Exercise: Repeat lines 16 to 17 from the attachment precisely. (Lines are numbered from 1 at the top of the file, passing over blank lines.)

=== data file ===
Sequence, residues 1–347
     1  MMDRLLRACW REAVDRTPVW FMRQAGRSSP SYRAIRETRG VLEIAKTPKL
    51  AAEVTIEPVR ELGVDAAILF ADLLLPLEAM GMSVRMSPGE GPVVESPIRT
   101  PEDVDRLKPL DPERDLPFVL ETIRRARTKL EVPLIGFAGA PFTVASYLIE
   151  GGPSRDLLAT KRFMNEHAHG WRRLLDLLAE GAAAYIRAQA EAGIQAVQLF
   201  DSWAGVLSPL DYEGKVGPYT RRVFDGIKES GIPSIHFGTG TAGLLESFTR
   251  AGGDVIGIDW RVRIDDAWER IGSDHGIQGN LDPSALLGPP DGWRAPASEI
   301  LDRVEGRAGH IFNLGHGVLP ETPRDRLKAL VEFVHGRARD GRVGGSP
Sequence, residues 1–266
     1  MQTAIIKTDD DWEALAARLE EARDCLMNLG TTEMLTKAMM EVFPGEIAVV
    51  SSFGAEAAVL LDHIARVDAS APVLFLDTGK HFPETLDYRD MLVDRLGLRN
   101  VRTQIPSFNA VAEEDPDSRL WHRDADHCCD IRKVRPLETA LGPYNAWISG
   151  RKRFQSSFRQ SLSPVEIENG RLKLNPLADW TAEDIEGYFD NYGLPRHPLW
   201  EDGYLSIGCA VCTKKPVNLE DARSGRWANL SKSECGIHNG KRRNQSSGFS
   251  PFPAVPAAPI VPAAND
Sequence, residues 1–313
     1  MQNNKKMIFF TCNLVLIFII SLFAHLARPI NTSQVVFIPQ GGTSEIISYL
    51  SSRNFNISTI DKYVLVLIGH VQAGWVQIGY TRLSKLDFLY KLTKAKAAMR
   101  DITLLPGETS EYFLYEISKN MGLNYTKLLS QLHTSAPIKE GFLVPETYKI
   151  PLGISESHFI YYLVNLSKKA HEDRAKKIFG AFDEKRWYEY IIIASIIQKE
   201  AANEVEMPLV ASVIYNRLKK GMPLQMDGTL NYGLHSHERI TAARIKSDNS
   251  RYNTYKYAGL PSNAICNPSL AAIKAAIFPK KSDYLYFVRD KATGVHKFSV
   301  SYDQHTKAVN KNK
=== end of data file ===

Sequence, residues 1–313
     1  MQNNKKMIFF TCNLVLIFII SLFAHLARPI NTSQVVFIPQ GGTSEIISYL